> > > Julie, I'm so very glad about your daughter!
            > > This
            > > > world so badly needs such souls as she and you,
            > > too.
            > > > Northridge is beautiful, and I'm in Monterey
            > > County
            > > > on the coast [California] - wouldn't it be
            > > wonderful
            > > > to meet?!!!! Rudolf Steiner College is just
            > about
            > > > 200 miles NE of me! Keep in touch?
            > > >
            > > > Warm Thoughts,
            > > >
            > > > Sheila
            > > >
            > >
            > >
            > > __________________________________________________
            > > Do you Yahoo!?
            > > Yahoo! Tax Center - forms, calculators, tips, more
            > > http://taxes.yahoo.com/
            > >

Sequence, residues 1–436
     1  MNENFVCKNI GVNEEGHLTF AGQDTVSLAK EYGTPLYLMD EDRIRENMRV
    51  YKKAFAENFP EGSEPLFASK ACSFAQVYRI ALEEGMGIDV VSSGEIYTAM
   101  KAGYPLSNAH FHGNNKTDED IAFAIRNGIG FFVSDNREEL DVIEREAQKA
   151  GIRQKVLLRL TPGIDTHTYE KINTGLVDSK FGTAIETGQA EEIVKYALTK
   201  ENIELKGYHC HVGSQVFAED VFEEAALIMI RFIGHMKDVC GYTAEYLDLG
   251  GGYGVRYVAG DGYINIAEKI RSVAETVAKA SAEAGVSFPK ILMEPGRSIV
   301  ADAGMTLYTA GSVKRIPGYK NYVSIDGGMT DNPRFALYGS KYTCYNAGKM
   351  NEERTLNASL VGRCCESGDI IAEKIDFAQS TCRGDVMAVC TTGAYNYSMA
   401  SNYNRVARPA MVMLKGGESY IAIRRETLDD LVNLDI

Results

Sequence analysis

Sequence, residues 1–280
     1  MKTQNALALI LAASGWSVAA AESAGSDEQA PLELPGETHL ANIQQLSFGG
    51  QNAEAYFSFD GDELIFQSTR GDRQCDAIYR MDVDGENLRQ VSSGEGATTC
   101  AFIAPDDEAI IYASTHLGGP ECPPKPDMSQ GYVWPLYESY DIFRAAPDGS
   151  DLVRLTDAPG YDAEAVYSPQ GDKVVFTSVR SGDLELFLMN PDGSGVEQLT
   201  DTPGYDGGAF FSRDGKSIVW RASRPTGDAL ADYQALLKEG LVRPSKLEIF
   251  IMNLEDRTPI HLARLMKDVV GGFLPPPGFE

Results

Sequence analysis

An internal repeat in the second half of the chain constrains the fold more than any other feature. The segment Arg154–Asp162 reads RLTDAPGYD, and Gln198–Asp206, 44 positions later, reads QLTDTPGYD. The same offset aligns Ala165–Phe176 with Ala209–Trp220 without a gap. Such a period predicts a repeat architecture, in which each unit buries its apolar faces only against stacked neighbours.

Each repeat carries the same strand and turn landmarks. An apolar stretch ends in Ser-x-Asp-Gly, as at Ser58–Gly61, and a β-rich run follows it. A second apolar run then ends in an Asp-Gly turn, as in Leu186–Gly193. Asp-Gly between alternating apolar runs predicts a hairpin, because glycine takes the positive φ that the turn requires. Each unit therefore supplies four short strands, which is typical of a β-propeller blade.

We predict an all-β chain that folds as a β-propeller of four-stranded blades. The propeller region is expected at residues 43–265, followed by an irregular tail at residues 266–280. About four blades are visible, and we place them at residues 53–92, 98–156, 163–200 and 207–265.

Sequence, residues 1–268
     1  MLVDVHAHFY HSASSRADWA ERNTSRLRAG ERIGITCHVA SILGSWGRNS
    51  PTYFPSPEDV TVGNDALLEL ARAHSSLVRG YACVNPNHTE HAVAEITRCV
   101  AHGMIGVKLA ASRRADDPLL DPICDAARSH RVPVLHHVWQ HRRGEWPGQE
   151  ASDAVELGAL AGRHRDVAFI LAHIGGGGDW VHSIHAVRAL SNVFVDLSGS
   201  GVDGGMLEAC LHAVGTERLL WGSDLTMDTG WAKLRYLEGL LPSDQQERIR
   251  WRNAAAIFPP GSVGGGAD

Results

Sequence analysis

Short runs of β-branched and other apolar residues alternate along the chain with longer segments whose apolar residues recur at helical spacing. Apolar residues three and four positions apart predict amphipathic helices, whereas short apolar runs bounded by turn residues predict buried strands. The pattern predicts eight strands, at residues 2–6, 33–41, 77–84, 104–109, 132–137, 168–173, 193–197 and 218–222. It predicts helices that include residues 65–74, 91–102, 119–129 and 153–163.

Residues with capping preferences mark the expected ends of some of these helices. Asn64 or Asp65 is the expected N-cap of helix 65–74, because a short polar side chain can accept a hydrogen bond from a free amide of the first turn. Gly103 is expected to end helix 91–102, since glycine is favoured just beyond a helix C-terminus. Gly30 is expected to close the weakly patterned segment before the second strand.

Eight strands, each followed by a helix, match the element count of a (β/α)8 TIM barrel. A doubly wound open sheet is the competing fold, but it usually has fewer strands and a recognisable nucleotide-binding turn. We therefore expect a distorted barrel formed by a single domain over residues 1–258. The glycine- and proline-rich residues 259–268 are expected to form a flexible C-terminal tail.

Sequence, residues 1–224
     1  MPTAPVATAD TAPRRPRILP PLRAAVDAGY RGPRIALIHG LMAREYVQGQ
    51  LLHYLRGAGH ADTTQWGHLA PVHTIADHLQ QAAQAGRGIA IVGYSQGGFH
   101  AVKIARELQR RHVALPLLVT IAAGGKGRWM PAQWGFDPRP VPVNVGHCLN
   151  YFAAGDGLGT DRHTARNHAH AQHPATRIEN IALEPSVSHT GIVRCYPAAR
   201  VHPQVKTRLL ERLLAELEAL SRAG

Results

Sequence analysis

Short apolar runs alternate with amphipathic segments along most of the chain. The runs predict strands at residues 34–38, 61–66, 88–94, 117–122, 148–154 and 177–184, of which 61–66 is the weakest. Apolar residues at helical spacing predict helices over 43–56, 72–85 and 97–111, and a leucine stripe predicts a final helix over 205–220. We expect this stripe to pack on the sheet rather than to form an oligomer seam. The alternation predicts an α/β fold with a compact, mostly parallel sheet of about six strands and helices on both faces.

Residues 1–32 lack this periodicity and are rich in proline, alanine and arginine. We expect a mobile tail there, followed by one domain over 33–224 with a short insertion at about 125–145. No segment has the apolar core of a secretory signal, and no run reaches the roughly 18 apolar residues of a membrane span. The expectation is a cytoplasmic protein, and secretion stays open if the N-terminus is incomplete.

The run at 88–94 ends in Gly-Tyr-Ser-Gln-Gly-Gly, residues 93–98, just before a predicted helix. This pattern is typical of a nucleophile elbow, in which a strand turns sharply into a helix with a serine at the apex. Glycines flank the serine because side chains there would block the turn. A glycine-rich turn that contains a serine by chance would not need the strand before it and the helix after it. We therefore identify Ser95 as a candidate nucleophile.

>
            >
            > __________________________________________________
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            >


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          • Julie Heynssens
            Innovation does not originate with logic. It stems from Eros ... the passion to create. Ginger Grant __________________________________________________ Do you
            Message 5 of 15 , Feb 28, 2003
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              Innovation does not originate with logic. It stems
              from Eros ... the passion to create. Ginger Grant

              __________________________________________________
              Do you Yahoo!?
              Yahoo! Tax Center - forms, calculators, tips, more
              http://taxes.yahoo.com/